Sun, 14 May|
Half day retreat for people of colour, Wimbledon
Time & Location
14 May 2023, 11:00 – 18:00
London, 14 Calonne Rd, London SW19 5HJ, UK
About The Event
Vipassana for people of colour
Time: 11:00 - 6pm
Dates : Sunday- May14th
Vipassana for people of colour is a day retreat and gathering at the peaceful grounds of the Buddhapadipa in Wimbledon, London. It is an opportunity for us to gather in community and support our practice through vipassana.
Aims and goals for the day: Developing discernment, clear insight, focus and energy in the body. Enjoy a metal detox.
Sometimes it can be easy to believe that we are not wanted, and this can become our default position in life. It’s not easy to get out of the frame of reference if our conditions and conditioning has time and time again been meet with that reality. Our mind then can gravitate towards seeking evidence to confirm this reality at the same time our hearts become numb, and our overall vision of the world can feel contracted. Mindfulness has helped over time to sit with the spectrum of this disease. It’s made me realise the difference between disassociation with the body and its causes being othered, betrayed and feeling unwanted. At the same time, it helped to realise all conditions are subject to are impermanence and not to necessarily believe them to be absolute truth. If we believe something about ourselves which has negatively impacted our mental health other people don’t see the whole picture or history and that is only one frame of who you are. For this reason, trying not to judge but to understand is important. If you can not help don’t harm, always give people the benefit of the doubt that their reactivity or demised current state is only a fragment of their lives.
Vipassana is a process of working with the body though a series of regimented exercises. They are based on ancient wisdom of the Budhha but are applicable to anyone who is seeking liberation from our own thoughts which can imprison us. Vipassana is a process of understanding our own mind my assessing our own inner wisdom and working though stages of concentration, calmness and clarity. It is like the dark clouds which have become us suddenly lifting only to find a state of clarity, openness and coming back to our selves. In the west various institutions and programs have copied and redesigned the methodology of standing walking sitting practice because it simply works. At the Buddhapadia days we gather in comfort each other as people of colour. We can bring our whole selves and enjoy its benefit.
Please join us from 11 till 6pm on Sunday May 14th– You can give a donation or buy a ticket and bring food and songs to share.
11:00 Welcome and gathering.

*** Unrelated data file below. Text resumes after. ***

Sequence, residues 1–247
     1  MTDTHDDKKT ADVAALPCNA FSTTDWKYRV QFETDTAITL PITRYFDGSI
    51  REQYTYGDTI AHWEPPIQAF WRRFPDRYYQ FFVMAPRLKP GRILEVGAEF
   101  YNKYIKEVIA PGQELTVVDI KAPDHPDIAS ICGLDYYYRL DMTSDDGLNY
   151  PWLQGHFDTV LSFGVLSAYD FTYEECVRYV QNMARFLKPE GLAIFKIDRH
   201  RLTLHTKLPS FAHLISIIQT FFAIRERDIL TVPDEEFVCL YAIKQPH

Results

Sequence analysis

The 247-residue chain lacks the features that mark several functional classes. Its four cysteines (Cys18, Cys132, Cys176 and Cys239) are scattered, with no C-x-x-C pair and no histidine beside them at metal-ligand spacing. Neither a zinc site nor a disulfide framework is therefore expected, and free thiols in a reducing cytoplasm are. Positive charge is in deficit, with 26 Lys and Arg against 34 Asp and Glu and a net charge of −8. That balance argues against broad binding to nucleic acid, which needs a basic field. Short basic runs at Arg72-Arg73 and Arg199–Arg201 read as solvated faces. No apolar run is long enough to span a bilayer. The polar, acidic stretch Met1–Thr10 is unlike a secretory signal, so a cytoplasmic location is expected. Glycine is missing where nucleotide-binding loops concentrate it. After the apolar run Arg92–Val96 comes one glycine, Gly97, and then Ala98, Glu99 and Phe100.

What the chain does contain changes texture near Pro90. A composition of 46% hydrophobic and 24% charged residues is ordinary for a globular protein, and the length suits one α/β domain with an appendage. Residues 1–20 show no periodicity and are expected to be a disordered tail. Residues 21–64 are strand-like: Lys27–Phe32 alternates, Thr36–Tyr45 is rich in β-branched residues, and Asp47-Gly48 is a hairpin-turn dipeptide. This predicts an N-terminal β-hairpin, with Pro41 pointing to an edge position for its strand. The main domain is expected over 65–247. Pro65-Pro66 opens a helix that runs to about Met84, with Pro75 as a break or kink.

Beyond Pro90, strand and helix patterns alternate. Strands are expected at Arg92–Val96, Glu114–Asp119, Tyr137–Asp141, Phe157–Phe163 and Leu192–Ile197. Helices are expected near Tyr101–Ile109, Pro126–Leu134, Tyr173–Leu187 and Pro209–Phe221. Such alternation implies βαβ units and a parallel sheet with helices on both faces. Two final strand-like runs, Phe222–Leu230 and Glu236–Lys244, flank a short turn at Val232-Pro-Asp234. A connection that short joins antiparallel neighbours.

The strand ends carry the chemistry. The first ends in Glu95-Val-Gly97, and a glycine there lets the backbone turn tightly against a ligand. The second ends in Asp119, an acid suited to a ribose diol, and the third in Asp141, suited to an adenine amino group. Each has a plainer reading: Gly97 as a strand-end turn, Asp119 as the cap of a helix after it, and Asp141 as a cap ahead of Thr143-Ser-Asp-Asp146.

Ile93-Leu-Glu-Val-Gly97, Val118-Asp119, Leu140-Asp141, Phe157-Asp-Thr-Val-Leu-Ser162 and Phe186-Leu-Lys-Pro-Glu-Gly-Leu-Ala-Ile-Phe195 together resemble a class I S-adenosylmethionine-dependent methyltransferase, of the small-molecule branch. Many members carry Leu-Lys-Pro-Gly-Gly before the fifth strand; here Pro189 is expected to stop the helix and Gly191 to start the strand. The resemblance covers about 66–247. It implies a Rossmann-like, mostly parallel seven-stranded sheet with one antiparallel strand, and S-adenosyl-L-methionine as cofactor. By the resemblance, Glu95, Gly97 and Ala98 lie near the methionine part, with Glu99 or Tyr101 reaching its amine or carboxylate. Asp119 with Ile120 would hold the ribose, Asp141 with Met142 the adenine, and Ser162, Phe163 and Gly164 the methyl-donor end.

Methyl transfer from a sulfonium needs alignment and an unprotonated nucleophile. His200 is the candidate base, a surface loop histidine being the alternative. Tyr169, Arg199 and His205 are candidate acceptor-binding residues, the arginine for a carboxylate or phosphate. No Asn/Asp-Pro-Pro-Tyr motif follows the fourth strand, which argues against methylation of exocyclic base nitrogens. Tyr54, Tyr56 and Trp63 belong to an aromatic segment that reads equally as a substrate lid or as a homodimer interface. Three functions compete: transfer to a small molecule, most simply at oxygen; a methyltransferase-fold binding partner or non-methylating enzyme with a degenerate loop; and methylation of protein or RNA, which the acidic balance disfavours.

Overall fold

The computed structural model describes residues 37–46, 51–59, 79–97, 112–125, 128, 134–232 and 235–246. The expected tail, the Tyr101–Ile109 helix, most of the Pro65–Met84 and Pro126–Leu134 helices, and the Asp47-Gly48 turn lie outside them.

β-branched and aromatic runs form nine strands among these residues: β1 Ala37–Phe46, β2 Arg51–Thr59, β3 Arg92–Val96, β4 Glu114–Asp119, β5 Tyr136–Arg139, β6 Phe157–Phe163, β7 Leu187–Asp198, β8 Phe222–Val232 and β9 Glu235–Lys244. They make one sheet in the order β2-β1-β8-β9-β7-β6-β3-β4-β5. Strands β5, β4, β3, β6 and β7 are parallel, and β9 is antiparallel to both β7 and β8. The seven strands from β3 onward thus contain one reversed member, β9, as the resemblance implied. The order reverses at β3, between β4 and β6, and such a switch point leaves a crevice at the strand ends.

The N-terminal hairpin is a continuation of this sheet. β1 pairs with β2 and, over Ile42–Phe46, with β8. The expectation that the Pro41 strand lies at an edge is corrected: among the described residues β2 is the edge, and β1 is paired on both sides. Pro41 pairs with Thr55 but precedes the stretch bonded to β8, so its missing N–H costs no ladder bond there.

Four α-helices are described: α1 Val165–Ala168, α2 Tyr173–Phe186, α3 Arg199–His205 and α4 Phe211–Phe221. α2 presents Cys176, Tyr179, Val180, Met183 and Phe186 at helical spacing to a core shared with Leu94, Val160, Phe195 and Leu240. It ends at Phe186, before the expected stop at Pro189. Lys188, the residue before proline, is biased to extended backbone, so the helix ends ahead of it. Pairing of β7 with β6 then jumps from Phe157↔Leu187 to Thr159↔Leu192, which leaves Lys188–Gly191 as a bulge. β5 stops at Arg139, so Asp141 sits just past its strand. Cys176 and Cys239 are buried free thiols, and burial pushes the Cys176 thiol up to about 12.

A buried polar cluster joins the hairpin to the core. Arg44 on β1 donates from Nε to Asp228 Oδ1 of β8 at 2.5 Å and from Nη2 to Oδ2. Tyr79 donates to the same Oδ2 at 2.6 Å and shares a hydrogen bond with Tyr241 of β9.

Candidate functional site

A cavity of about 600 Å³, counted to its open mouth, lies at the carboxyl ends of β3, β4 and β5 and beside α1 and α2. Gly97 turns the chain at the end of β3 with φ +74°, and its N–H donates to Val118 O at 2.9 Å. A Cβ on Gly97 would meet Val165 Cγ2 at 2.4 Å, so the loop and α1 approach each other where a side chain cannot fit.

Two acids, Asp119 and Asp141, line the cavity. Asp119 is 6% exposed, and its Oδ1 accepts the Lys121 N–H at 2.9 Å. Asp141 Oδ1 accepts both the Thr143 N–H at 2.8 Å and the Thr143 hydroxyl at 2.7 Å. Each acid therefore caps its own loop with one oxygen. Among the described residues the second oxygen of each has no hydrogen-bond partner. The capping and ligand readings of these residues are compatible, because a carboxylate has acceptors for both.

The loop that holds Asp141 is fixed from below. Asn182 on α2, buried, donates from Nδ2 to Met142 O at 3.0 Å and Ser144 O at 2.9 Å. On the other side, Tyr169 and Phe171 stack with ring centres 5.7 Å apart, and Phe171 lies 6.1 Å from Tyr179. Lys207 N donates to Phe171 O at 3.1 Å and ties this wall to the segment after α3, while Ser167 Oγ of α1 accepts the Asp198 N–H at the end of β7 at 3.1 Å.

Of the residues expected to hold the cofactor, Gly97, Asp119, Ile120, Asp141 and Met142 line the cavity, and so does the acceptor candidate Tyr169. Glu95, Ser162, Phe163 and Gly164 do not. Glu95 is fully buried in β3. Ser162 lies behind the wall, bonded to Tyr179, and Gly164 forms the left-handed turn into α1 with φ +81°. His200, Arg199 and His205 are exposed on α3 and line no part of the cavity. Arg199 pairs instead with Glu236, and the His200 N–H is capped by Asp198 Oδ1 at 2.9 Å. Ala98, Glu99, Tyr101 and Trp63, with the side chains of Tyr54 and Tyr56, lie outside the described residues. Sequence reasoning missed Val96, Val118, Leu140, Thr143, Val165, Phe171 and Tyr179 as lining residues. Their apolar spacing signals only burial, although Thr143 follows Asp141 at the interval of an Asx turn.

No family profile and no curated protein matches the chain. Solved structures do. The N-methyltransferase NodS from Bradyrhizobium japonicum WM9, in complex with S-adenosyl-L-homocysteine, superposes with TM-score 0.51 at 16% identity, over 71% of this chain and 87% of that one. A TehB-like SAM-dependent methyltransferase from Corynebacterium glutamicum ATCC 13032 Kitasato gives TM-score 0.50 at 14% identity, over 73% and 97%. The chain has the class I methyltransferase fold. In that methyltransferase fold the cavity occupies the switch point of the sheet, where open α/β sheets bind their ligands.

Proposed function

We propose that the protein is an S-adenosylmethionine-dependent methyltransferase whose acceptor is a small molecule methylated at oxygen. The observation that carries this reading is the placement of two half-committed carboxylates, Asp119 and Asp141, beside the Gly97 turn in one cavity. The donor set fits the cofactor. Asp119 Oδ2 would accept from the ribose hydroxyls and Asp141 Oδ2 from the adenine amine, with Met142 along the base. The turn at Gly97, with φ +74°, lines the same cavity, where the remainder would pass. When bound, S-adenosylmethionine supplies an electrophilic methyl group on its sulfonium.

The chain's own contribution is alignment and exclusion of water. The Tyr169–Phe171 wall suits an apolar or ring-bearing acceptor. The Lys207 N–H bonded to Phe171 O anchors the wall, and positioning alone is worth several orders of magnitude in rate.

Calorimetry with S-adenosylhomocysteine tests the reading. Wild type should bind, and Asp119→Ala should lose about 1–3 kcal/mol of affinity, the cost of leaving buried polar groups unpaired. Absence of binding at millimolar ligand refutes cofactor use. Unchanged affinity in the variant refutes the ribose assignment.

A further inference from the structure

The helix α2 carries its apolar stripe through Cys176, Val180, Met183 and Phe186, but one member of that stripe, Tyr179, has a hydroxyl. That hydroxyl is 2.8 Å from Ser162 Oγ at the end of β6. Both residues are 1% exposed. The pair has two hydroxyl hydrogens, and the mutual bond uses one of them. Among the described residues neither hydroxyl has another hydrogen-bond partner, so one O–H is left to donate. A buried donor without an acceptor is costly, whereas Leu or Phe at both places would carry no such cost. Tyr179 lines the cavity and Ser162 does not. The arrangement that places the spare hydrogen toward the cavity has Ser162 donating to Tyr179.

11:30 Shared Lunch
12:00 Introductions and discussion
1:00 Standing, Walking and sitting mediation
2:00 Solitude time
3:00 Chanting, Standing, walking and sitting
5:00 - 6:00 Closing circle and libation ritual
1. What is Vipassana ?
This practice is suitable for both beginners and advanced practitioners.
Vipassana meditation is a form of mindfulness that comes from the original teachings of the Buddha but can be found in all cultures. Vipassana, meaning "to see things as they really are," like all meditation techniques is open to people of all faiths or none and all nationalities and ethnicities. Vipassana requires no belief system as it's a non-sectarian practice.
It is a journey of self-discovery, and presents an opportunity to experience for one's self the truths of ancient teachings. The goal of the practice is the equivalent of a mental detox; and the development of values such as compassion and equanimity, and the increase of empathy. One of the benefits of the day is the opportunity for silent practice under the trees.
2.What is overtoning?
Overtoning is a practice of chanting or harmonic singing where we make a sound and modulate the voice so that we can produce other sounds or notes simultaneously. This helps the body to resonate the primordial sound of OM. This is applied to the Shakras of the body, and is a helpful way of bringing our attention to the sensations of the body. This helps with grounding and self-regulation.
3. The benefits of chanting
Om Ah Hum Vajra Guru Padma Siddhi Hum
This is one of the most important Buddhist mantras. It is very useful both for learners and for the most advanced practitioners. In this mantra the whole universe is like a crystal (in some translations – a pearl), which is inside my heart (or inside a lotus flower – representation of the 'I'). This mantra is chanted, meditating on the connection between us and the universe, with a sense of altruism, love, and dedication. The main benefits of chanting is that it has a way of detoxing the mind.
4. What is standing meditation?
Standing meditation is a powerful method of healing the body from injuries and chronic illness. It increases vitality, internal strength and fitness, as well as overall body power. Standing meditation makes use of five very specific postures to deeply release long held stress and tension. The legs, spine and shoulders become very strong yet relaxed. Unnecessary tension is released from the joints and muscles, making them more flexible and elastic.
Standing meditation makes use of specific relaxed abdominal breathing and mental imagery, and awareness of the inside of your body
5. What is walking meditation?
Walking meditation is a practice that pairs mindfulness meditation with slow, deliberate walking along a predetermined path at a pace and in a space where you can walk silently and won’t be disturbed. The motion of walking becomes your anchor. You focus as you begin to pay more attention to the bodily sensations as you move one step at a time, keeping your attention on acute or small movements.
6. Libation ritual
An ancient practice from the African tradition in which water is poured into the ground or on the base of a tree. It is a dedication to our loved ones and ancestors.
For 2 people£30.00